SiliconFilter

Googlelighting: The Google/Microsoft War of Words Continues, Now in Musical Form

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“Who knows what the future holds for Google Apps.” That’s the question Microsoft would like its customers to ask themselves before switching away from Microsoft Office and to Google’s cloud-based productivity suite. To underline its point, Microsoft just released a new video attack ad that accuses Google of running Google Apps “on the side” even though it has no business meddling in productivity software because it only has “twelve years of experience in ad sales.”

♫ “If Google Apps Meets is Grave, Your Business is Hosed” 

Microsoft, of course, is making fun of Google’s general development mode here by highlighting that Google Apps could potentially change at any point while a company is using it – and while unlikely, it could even potentially kill it off at any point. That, indeed, could be a major point of resistance for large companies that would like to switch to a cloud-based productivity suite like Apps. For them, a change in a widely used piece of software, after all, means retraining staff, for example. And just to highlight this point, the video then kicks into a music number that explains that Google really can’t be trusted to even keep really useful features around.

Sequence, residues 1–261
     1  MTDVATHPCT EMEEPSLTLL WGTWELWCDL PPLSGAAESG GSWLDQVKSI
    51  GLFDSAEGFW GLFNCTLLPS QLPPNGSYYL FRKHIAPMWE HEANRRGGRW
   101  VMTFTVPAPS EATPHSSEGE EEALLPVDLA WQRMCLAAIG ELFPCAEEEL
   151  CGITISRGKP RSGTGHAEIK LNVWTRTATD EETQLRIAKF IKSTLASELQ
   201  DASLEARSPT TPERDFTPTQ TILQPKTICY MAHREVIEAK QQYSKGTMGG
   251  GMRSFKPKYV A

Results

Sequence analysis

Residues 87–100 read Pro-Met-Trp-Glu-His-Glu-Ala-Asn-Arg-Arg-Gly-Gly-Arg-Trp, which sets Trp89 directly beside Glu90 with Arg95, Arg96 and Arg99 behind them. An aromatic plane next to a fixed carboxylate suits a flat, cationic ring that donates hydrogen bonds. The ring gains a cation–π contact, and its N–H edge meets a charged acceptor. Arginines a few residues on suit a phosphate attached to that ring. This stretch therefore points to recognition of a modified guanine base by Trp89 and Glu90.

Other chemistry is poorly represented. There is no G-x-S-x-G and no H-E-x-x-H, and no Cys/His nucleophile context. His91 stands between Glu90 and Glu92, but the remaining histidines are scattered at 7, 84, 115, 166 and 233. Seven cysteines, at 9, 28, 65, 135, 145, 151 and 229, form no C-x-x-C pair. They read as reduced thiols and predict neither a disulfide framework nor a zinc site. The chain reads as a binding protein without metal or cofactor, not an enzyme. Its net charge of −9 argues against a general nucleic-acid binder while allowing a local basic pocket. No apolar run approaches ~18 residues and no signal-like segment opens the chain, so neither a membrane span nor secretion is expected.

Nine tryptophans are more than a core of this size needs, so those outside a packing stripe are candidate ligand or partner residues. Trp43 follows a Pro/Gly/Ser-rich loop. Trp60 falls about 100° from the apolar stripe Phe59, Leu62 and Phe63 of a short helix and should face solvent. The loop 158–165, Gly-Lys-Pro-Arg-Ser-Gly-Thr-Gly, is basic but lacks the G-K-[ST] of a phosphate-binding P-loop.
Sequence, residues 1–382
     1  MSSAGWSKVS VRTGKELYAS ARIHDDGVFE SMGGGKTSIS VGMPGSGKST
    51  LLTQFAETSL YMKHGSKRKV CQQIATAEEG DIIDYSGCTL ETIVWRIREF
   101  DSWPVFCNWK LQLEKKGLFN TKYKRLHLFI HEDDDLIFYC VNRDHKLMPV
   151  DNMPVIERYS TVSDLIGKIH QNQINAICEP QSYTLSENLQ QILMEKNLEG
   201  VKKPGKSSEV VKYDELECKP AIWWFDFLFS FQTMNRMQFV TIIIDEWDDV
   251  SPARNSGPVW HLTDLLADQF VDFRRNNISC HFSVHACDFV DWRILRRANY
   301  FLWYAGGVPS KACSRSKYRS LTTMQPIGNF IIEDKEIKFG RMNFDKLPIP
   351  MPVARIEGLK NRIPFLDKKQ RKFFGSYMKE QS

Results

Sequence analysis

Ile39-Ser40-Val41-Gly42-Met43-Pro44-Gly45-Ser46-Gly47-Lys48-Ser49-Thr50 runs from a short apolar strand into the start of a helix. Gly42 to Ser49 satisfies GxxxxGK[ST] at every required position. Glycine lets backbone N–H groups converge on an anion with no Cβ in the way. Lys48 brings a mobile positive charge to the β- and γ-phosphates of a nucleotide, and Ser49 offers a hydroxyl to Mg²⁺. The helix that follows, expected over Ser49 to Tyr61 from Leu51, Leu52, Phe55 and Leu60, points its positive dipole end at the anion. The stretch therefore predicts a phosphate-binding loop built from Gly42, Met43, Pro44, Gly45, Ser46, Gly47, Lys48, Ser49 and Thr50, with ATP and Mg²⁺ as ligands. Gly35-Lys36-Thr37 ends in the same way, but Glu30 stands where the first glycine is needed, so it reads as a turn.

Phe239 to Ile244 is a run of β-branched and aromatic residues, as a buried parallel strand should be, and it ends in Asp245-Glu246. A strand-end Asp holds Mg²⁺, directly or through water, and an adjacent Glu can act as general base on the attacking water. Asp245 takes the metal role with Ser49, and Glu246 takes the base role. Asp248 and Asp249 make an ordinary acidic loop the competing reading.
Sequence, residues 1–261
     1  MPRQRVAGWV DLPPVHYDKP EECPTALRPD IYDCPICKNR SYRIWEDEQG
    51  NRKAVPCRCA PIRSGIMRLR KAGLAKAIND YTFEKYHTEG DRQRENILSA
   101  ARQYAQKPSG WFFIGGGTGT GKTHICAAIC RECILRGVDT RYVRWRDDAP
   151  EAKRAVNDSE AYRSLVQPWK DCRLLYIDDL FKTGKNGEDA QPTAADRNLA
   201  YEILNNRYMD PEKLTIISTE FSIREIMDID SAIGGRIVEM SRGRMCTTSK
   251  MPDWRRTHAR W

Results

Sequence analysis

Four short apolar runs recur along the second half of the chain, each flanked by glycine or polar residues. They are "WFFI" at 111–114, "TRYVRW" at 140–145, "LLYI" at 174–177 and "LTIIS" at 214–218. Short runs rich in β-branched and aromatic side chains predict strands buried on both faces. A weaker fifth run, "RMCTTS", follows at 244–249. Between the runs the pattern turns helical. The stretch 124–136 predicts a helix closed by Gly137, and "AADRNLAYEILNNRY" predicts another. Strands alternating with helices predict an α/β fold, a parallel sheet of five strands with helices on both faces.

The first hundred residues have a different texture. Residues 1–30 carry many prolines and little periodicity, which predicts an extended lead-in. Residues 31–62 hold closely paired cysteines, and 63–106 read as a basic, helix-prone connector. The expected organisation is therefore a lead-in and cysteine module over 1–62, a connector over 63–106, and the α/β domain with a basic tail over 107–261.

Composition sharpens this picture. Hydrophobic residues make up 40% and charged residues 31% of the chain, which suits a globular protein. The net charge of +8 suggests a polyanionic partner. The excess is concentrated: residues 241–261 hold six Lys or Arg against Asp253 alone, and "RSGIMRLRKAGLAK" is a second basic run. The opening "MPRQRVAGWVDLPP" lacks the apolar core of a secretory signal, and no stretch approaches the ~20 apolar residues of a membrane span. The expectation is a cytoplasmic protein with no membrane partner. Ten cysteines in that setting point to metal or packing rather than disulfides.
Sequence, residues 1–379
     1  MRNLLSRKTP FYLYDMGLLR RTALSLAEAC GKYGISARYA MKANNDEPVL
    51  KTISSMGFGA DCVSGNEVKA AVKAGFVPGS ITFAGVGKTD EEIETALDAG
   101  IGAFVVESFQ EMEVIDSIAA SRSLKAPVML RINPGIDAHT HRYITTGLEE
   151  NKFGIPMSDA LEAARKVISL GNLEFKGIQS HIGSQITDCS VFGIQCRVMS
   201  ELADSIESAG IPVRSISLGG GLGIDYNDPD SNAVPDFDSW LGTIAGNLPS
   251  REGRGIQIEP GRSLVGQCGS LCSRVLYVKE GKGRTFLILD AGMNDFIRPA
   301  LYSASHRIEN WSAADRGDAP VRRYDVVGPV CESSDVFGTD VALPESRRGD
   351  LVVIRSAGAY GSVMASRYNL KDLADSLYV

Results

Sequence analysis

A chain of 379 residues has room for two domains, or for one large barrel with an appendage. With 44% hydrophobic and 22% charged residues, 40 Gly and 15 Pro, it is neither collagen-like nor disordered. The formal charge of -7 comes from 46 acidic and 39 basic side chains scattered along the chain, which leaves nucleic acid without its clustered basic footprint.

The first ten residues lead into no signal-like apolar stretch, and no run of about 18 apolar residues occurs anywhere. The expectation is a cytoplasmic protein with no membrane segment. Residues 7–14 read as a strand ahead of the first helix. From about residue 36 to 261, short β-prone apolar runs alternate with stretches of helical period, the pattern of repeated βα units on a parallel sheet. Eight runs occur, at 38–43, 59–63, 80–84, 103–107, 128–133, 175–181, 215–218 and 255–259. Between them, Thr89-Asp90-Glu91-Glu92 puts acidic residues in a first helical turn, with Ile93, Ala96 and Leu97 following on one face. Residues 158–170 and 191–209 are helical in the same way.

For the longest time, the rivalry between Google and Microsoft was fought through features and a few sly remarks here and there, but things have gotten rather public and heated between the two companies lately. For the most part, the aggression seems to come out of Redmond, though, with Google trying to defend itself against the accusations on its own blog and in the press.